Will Stated Income Work For You
A stated-income loan qualifies a borrower using the income the borrower states on the application form - as opposed to the income the borrower can document. With a stated income loan, the lender agrees not to attempt to verify the income the borrower has stated on the application.
Stated income mortgages are ideal for the self-employed and for home buyers in professions with salaries comprised mostly of cash tips, such as waiters and hotel porters. This type of loan applicants can often afford a mortgage, but don't have the necessary pay stubs to document their true earnings. Self-employed business owners whose personal assets are
commingled with the business assets often utilize "Stated-Income Stated-Assets" mortgage programs.
You are responsible for providing an accurate figure when the loan officer asks for your income amount. The loan officer should not coach you or fill in the amount for you. If the loan is audited and fraud is discovered you and or the loan officer can be held accountable
under the law.
With the use of automated underwriting borrowers with exceptional credit that meet other loan criteria can get a stated income loan or no income verification loan with the same interest rates and fees as borrowers who do provide income verification.
For some people a no ratio loan or a no doc loan may be the best route to go (instead of stated income). On a no ratio loan an income figure is not filled in on the loan application and no debt ratio is calculated. On a no doc loan, there is no
employment filled in, no income listed and no debt ratio is calculated. These types of loans are higher risk loans and higher rates are usually associated with them. However, some people may have income that an underwriter will not accept for one reason or another and these options may be the better route to go. Temporary
disability is usually an income that can not be used. Also a person who jumps around from job to job, has large gaps in between jobs, switches their line of work constantly and has no job stability may consider one of these types of loans.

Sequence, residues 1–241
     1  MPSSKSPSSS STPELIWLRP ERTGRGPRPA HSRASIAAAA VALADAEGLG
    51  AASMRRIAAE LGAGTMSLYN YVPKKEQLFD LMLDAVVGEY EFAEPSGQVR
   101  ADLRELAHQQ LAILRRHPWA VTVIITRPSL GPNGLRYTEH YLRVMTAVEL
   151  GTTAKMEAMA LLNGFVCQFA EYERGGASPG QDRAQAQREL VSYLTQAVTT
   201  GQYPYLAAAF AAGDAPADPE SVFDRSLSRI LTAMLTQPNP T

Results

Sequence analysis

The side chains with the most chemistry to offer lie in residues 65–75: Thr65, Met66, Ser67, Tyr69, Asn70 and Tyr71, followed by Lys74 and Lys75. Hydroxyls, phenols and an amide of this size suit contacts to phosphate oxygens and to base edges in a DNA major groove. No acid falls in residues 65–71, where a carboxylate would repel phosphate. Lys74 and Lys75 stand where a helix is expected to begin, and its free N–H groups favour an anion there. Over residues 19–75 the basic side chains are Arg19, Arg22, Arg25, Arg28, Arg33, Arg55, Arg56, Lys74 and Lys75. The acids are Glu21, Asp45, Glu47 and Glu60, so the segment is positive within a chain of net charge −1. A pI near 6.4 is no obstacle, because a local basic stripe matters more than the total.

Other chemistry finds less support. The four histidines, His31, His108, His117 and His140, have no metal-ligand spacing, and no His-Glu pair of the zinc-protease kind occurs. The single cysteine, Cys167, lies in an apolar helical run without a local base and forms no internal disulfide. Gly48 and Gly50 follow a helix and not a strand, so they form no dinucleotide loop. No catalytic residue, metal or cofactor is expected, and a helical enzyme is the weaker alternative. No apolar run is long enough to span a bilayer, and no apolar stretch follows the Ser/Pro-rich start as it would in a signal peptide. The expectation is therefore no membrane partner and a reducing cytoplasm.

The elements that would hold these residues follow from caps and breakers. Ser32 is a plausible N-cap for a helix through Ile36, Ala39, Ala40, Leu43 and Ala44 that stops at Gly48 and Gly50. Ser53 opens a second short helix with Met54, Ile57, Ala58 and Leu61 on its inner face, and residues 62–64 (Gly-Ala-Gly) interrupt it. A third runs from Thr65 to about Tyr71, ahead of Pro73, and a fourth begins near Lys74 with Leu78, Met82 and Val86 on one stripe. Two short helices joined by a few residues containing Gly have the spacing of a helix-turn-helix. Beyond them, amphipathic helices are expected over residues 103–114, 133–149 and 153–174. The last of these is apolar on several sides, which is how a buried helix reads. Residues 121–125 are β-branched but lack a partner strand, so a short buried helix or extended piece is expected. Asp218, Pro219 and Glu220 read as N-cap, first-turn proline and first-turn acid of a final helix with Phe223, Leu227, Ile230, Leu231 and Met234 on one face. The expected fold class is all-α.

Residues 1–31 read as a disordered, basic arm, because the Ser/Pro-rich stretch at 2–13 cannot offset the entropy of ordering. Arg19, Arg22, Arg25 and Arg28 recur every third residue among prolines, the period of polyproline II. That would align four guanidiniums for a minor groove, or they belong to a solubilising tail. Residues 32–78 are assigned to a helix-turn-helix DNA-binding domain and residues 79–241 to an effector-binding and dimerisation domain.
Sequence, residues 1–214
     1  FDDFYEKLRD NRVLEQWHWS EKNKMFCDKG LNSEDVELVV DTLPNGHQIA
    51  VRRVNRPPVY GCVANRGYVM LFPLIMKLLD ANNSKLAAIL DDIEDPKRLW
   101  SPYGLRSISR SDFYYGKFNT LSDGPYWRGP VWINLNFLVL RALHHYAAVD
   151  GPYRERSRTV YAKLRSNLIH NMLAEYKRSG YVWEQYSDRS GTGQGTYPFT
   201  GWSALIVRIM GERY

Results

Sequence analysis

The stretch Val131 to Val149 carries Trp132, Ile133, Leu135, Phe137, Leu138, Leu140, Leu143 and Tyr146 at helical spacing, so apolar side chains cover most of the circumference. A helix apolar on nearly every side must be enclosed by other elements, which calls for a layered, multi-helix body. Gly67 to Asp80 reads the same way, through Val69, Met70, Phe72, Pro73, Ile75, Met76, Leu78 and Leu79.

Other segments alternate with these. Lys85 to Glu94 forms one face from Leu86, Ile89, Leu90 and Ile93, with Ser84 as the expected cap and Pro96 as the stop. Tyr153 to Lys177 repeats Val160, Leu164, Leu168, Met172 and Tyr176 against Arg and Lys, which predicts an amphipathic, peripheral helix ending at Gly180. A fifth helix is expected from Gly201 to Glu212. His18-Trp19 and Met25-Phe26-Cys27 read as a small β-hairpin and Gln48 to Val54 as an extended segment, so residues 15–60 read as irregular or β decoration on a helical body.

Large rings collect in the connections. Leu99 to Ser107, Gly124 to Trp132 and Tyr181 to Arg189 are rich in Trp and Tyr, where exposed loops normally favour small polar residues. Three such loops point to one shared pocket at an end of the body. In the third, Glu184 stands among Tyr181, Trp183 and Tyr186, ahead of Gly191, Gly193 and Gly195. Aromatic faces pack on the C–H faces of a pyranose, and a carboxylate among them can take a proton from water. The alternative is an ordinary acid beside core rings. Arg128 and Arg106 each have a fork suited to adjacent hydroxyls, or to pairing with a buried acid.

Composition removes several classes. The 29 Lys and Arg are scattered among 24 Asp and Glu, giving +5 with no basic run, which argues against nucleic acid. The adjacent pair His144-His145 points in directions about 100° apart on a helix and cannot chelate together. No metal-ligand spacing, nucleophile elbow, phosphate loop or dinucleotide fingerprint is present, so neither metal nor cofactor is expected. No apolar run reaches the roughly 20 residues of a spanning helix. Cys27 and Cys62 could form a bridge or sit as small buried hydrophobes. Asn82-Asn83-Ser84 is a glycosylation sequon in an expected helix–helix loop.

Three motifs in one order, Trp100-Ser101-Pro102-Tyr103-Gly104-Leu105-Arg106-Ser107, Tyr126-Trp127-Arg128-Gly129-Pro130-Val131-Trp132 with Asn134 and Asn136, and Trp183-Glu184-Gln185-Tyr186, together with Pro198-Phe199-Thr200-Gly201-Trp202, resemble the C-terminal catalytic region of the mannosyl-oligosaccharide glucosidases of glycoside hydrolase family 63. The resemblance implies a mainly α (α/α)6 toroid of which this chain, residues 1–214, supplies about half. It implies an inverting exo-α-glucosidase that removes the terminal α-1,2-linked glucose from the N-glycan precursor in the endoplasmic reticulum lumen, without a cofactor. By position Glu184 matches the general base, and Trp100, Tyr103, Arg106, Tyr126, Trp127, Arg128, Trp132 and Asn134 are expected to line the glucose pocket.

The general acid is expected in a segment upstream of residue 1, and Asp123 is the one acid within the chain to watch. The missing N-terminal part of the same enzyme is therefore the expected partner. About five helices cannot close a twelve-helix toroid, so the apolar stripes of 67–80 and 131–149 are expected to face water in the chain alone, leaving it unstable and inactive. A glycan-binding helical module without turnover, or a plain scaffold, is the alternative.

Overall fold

A stated income loan is a great loan for people who are W-2ed or self-employed. There are also programs that allow stated income and stated assets on the same loan. These programs help to preserve borrower’s credit by getting them the funds that need when they need them.
Employment will most likely be verified, the income stated will have to be make sense with the type of job submitted on the application.
One of the reasons for a stated income loan is to minimize paperwork during the loan application process. A number of requirements that would normally be requested are W2 Statements, 1099 Forms, Bank Statements, and Pay Check Stubs. A stated income loan would not require the borrower(s) to find and organize this information to be approved for a loan. In many cases the interest rate difference is very minimal but normally slightly higher than a loan which requires proof of income.
On some stated income programs, the lender may require the borrowers to complete and sign Internal Revenue Service form 4506. This form gives the lender permission to access past and future tax returns of the borrowers. Having a signed and completed 4506 form in the file greatly enhances the marketability of the loan to the secondary market.
Some times this loan program has been referred to as "The Liars Loan". It is important to understand, the
existence of this loan, is for the purpose of helping borrowers, who otherwise cannot document their Actual Income. It is not designed to
fictitiously inflate your income.
Though the stated income loan is an attractive loan for many self employed borrowers, always remember that many of the deductions that you take on your business taxes can actually be factored right back into your income for mortgage underwriting purposes.
Stated income may be used in lieu of full documentation if you have higher credit scores. Lenders view you as less risky and therefore are willing to dismiss income documentation to speed up the loan process. The rate you receive is contingent on specific loan to value and/or down payment restrictions.
Lenders will often check with widely available salary survey sources like salary.com to determine whether or not the income stated is consistent with the borrower's profession and title.
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Information listed above is to be used for educational purposes only and is not guaranteed